Imperial Stormtrooper Marksmanship Academy: Considering the type of movie this is, this trope is unavoidable, but there is one particularly bad case of it at the movie's climax: The Dragon (armed with a sub-machine gun) unloads countless of rounds point blank at Bryan Mills, and all but one bullet miss.
Earlier, the Albanians at the construction site unload dozens of rounds into Bryan's vehicle, without a single one hitting him or his passenger.
Ironic Echo: The phrase "Good luck." Not in the usual way, but perhaps even more Badass. Bryan tricks the mook who said it to him over the phone into repeating it to him in person right before he reveals who he is.
ISO-Standard Urban Groceries: Bryan uses a bag as camouflage to get into the Paris apartment. Jean-Claude also carries home a baguette for dinner.
Nebulous Criminal Conspiracy: The actual abductors are lowlife thugs from the Albanian mafia, but as Bryan carves his way through Paris to find his daughter, he discovers they are just part of a much wider and more sinister network existing at all levels of society, including the police and high-placed city officials, with clients including a wealthy Arab oil sheik.
Not Even Bothering with the Accent: When Bryan impersonates Jean-Claude, no one questions why a French policeman has an Irish accent, let alone why one is speaking English.
Saint-Clair's name would suggest he's French, but his accent is distinctly American.
Properly Paranoid: The Overprotective Dad is proven absolutely right in every way to have tried forbidding his daughter from traveling overseas. As well, the conditions he sets when he finally allows her to go (regular phone calls and such) are the only reason they had any sort of chance of rescuing her.
Liam Neeson has stated that the movie caused some cases of this in real life. People have come up to him and told him they will never send their kids to Europe, which he's not too happy about.
Protagonist-Centered Morality: Bryan comes off this way, as he initially appears to care only about his daughter and doesn't help any of the other victims.
Somewhat justified, as he only has a 96 hour window to find his daughter, and stopping to help some of the other girls could cost him valuable time. It's also undermined by the fact that during the course of the search, Bryan managed to kill off most of the figureheads behind the slaving ring, likely destroying the entire setup.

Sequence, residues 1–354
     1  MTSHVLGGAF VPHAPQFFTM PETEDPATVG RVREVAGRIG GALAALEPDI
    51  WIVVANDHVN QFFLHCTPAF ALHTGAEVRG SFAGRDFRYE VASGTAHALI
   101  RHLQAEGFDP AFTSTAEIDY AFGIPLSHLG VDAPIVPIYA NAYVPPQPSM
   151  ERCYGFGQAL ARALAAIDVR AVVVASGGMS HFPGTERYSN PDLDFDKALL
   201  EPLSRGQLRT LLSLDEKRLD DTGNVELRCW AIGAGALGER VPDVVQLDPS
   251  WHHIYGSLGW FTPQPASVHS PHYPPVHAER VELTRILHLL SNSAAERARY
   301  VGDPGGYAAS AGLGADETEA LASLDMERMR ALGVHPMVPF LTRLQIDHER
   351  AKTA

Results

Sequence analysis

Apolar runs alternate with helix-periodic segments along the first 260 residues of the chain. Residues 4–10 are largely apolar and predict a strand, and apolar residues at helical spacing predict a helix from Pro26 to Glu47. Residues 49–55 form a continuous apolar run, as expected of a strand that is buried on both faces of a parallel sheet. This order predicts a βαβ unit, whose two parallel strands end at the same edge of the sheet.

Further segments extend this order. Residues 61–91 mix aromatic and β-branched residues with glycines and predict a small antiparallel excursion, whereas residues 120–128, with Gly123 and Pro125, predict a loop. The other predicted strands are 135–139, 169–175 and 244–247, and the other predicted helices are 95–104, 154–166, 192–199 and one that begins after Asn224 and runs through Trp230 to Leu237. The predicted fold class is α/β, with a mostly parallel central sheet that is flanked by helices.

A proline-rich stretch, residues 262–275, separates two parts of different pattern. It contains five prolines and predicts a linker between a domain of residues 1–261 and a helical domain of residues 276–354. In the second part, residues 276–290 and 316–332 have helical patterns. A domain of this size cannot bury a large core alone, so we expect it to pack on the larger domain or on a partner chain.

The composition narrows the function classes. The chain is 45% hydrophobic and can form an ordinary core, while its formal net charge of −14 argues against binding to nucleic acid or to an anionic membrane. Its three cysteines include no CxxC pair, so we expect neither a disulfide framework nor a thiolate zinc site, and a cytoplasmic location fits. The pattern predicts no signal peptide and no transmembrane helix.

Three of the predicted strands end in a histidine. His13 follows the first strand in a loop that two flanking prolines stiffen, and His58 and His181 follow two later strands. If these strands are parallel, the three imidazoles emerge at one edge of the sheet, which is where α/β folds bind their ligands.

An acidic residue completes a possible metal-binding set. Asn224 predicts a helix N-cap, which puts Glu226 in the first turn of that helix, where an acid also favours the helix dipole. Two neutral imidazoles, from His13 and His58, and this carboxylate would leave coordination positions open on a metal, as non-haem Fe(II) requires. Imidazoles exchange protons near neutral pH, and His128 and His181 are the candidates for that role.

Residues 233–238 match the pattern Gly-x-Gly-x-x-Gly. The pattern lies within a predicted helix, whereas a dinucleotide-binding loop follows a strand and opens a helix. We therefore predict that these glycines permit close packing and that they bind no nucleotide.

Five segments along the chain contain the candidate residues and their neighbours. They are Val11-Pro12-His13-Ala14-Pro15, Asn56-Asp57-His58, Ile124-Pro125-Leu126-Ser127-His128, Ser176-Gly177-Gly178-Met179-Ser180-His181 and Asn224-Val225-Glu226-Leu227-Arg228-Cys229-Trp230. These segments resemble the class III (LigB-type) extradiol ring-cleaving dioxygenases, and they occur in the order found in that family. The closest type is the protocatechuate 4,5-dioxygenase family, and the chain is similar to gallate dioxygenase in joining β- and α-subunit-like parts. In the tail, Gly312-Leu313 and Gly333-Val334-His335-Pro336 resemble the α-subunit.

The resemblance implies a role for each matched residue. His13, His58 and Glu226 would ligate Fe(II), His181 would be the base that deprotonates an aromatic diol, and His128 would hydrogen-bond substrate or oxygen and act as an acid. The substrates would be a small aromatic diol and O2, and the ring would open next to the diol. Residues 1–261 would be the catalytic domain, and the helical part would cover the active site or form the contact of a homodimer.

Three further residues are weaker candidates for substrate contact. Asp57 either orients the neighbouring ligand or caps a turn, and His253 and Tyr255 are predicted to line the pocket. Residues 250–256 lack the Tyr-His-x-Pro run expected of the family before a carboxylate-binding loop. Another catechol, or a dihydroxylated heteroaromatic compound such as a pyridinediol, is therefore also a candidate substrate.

Prove I Am Not Bluffing: Bryan demonstrates that he is willing to do anything to get his daughter back by shooting the wife of his French police contact and threatening to kill her if he won't cooperate.
Punch Clock Villain: Patrice Saint-Clair tries to paint himself this way, but fails to convince Bryan.
Reassigned to Antarctica: In the past, Bryan left a mission to attend Kim's birthday party and got reassigned to Alaska for his actions.
Rich Bitch: Lenore, Bryan's ex-wife. She has good reason for not liking Bryan, mainly that he wasn't around due to his career taking out very bad people in the CIA, but she winds up looking spiteful and manipulative instead. She repeatedly tries to distance her daughter from Bryan (thankfully unsuccessful) and flaunt the fact that her new husband is richer and can afford nicer things for Kim. This invokes Disproportionate Retribution when you consider the fact that the woman yells at Bryan for trying to give his daughter a gift on her birthday (an Abusive Parent might deserve that treatment, not a guy who simply worked odd hours). And then children of divorce often play one against the other, so their daughter likely played off the tension to get more out of both of them.